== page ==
Chelsea Manning could get indefinite solitary confinement after attempting suicide
It’s the little things keep Chelsea Manning going these days: the memories of a childhood cat named Belle, what pepperoni pizza tastes like, and walking around the mall window shopping with her friends back in Maryland. It makes her happy to think back to the day when, at age 12, she unexpectedly won a history and social studies challenge and returned home with trophy.
But the biggest thing that keeps her going, she said, is “talking to family and friends” and that’s what she could lose on Thursday when a disciplinary committee will decide whether Manning should be thrown into indefinite solitary confinement for charges related to a suicide attempt earlier this year.
Manning, who is serving a 35-year sentence at the US Army’s Fort Leavenworth prison in Kansas, will have to defend herself at the hearing, and told VICE News she’s not feeling optimistic. “It doesn’t matter what I say or do,” she said, through an intermediary, as she’s not allowed to speak directly to the press. “The outcome is going to be the same.”
Feelings of “hopelessness and helplessness” are hard to shake, she says.
The hearing date has been looming over Manning, who has spent the last five years in prison for for leaking thousands of sensitive military documents to Wikileaks while working as an army intelligence analyst. Now she’s facing a host of new charges, all linked to her suicide attempt. Firstly, army policy prohibits inmates from resisting, impeding or interfering with officers who are deployed in the event that an inmate needs to be forcibly removed from their cell. The “force cell remove team” were called in after she was discovered unconscious in her unit.
The fact that Manning was unconscious – and therefore difficult to move – has been framed by the army as an act of resistance or interference, a Category IV or V offense, the same as extortion, tampering with locks, arson, or possession of drugs.
Finally, when prison officials searched Manning’s cell after she was removed, they discovered a book that didn’t have her name in it.
“After an inspection of your cell, you were found to be in possession of an unmarked book”, the charge sheet says.
In addition to solitary confinement, Manning could find herself with more time tacked on to her sentence. She feels like she’s about to ride into a losing battle.
Because it’s a disciplinary board hearing rather than a court hearing, Manning has to represent herself. Manning’s lawyer, Chase Strangio of the American Civil Liberties Union, says that the board will likely be made up of officials from the prison. “Administrators who are overseeing the charges brought by their fellow administrators,” Strangio said. “It’s a one-sided investigation, led by people on their side.”
“It does seem needlessly cruel,” Strangio said. “It’s nothing but the continued exertion of power over vulnerable people.”
Manning was permitted to briefly review the evidence file before the hearing itself to prepare her arguments.
In a Guardian op-ed published Tuesday, Manning wrote that the evidence amounts to 100 pages, including a photograph of her taken after the attempted suicide. She told VICE News that other evidence or exhibits include “sworn statements taken by witnesses” and “reports by the investigators assigned to the case.”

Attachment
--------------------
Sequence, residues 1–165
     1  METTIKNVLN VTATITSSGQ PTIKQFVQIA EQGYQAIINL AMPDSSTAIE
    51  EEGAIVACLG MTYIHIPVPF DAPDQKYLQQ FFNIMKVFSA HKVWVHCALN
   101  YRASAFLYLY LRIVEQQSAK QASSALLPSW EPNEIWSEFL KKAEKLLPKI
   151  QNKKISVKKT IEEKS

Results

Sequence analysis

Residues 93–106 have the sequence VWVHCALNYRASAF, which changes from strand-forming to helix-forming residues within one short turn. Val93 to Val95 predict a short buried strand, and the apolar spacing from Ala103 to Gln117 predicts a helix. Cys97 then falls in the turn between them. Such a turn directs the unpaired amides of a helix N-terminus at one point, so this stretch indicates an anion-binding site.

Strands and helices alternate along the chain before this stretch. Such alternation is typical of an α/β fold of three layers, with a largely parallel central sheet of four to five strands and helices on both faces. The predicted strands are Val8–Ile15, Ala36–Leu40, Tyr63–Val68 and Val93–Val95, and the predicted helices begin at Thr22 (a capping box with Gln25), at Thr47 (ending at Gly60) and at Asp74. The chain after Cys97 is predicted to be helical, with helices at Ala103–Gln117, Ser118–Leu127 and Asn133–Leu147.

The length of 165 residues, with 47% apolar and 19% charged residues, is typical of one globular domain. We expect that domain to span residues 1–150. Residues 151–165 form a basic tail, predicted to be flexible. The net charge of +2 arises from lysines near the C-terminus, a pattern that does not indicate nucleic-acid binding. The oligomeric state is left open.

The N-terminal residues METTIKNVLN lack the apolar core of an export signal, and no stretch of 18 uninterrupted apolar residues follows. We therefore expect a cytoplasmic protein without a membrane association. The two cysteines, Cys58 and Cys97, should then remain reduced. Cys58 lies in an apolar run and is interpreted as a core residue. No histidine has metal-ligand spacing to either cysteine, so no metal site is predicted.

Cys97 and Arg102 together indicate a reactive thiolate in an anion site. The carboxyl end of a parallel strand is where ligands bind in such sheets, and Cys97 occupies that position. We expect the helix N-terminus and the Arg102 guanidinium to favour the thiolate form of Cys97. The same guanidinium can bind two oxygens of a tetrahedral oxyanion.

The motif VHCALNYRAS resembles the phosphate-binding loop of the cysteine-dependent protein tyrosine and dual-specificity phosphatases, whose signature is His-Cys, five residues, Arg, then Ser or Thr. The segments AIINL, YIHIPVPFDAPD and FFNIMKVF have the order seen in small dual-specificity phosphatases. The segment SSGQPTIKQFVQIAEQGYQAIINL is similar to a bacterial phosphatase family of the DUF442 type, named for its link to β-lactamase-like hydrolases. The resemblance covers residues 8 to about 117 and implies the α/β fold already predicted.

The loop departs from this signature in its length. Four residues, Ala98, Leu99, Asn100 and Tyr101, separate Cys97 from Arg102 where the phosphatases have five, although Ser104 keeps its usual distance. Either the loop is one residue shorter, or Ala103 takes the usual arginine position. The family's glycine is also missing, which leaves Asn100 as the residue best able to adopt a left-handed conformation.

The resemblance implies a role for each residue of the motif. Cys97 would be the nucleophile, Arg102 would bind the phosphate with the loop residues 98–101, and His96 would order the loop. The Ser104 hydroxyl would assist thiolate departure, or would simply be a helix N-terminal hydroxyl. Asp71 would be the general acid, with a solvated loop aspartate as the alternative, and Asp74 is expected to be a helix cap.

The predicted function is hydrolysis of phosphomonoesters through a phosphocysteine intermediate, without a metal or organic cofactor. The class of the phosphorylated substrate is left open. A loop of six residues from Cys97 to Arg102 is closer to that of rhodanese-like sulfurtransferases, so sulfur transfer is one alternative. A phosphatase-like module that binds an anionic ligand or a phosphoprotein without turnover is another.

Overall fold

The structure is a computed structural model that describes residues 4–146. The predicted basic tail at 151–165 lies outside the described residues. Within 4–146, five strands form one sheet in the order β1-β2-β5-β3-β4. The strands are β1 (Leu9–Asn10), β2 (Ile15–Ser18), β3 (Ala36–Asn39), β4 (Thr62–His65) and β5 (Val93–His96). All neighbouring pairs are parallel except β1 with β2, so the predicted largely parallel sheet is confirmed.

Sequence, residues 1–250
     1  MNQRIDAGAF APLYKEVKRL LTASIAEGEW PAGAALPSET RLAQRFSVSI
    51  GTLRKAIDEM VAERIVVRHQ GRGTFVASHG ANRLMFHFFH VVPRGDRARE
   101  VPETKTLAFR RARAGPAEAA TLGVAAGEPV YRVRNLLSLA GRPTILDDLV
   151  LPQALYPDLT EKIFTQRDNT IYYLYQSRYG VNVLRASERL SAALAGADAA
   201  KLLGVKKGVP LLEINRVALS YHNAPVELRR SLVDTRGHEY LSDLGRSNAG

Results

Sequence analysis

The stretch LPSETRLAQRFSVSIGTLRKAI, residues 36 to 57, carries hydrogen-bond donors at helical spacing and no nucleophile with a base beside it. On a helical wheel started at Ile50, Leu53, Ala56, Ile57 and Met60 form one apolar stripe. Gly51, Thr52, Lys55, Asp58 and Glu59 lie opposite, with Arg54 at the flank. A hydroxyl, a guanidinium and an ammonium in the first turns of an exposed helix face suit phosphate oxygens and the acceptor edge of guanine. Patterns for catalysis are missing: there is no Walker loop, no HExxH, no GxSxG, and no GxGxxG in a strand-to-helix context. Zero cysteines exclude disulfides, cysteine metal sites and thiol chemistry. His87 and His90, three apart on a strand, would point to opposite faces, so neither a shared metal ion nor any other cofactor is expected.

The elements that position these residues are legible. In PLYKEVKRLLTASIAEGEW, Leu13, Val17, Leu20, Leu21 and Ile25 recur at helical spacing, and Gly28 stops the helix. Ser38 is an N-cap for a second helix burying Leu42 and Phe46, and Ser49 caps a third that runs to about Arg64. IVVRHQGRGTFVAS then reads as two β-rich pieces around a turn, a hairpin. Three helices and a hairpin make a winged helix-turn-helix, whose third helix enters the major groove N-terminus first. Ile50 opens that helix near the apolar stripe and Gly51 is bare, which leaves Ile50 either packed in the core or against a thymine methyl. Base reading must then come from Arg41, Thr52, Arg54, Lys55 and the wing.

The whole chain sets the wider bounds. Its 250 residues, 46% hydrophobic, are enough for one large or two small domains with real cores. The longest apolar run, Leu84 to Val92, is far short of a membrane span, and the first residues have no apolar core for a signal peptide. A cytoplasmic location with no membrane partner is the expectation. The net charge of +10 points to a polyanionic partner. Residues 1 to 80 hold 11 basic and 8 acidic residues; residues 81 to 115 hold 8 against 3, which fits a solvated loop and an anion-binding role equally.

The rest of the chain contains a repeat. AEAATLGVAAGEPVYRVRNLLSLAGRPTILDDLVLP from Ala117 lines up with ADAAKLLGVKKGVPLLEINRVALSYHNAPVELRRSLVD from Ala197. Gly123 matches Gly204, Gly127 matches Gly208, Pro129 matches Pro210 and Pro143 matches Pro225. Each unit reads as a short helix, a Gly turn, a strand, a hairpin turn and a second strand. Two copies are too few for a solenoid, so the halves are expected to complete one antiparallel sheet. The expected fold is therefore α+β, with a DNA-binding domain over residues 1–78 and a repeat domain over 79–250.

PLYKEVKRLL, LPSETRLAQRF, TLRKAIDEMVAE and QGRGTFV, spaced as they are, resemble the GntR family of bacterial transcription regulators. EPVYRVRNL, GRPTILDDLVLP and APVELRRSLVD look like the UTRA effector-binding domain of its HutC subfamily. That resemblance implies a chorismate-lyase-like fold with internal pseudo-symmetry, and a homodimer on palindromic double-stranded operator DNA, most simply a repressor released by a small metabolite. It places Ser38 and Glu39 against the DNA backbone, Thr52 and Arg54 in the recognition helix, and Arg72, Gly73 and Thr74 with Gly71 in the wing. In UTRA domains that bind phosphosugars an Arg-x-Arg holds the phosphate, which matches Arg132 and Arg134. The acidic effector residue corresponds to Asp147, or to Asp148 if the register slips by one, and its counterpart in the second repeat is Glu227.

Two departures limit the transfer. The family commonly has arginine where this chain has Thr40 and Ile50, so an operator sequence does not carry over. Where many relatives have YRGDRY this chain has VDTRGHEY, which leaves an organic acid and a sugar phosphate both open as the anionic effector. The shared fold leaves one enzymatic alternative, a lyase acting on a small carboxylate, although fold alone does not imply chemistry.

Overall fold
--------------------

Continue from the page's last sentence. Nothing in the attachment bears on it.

Talking on the phone on Tuesday, Strangio said that the secretive nature of army court proceedings makes it difficult to establish whether or not Manning is being subjected to particularly harsh treatment. It’s also hard for Manning to prepare her arguments for the hearing because she can’t review the outcomes of similar cases.
Preparing for the hearing was “very emotional and traumatizing”, Manning’s support group said in a blog post on Wednesday. “It requires her to continually relive the painful experience over and over again.”
Manning has said that the deterioration of her psychological state which led her to consider suicide was triggered by the army’s inaction in responding to her doctor’s recommended treatment plan for her gender dysphoria. Manning came out as transgender one day after she was sentenced in 2013, and said she had identified more as female than male since childhood.
Doctor Randi Ettner, who has decades of experience researching and treating gender dysphoria, evaluated and diagnosed Manning. “It is my professional opinion that Ms. Manning’s gender dysphoria requires immediate treatment,” Ettner wrote in a sworn declaration two years ago. Ettner noted that, if left untreated, “individuals with gender dysphoria experience anxiety, depression, suicidality”, among other mental health issues.
“Were Ms. Manning’s gender dysphoria to be properly treated all of these symptoms would be attenuated or eliminated,” Ettner wrote.
As part of her recommended treatment plan, Ettner says that Manning should take hormone replacement therapy and be allowed to express her gender identity through wearing her hair long. Earlier this year, Ettner concluded that Manning should also undergo gender affirming surgery.
Manning has been taking hormones, but because she continues to be held in a men’s facility, she is mandated to wear her hair short in accordance with male grooming standards. Earlier this month, the army conceded to her doctor’s prescription of gender affirming surgery.
The slow response of the army to her doctor’s request was what exacerbated Manning’s feelings of hopelessness, Strangio, her lawyer, said, leading her to consider suicide.
The good news that she would receive the medical procedure she needs was overshadowed by the impending possibility of indefinite solitary confinement, Manning told VICE News last week.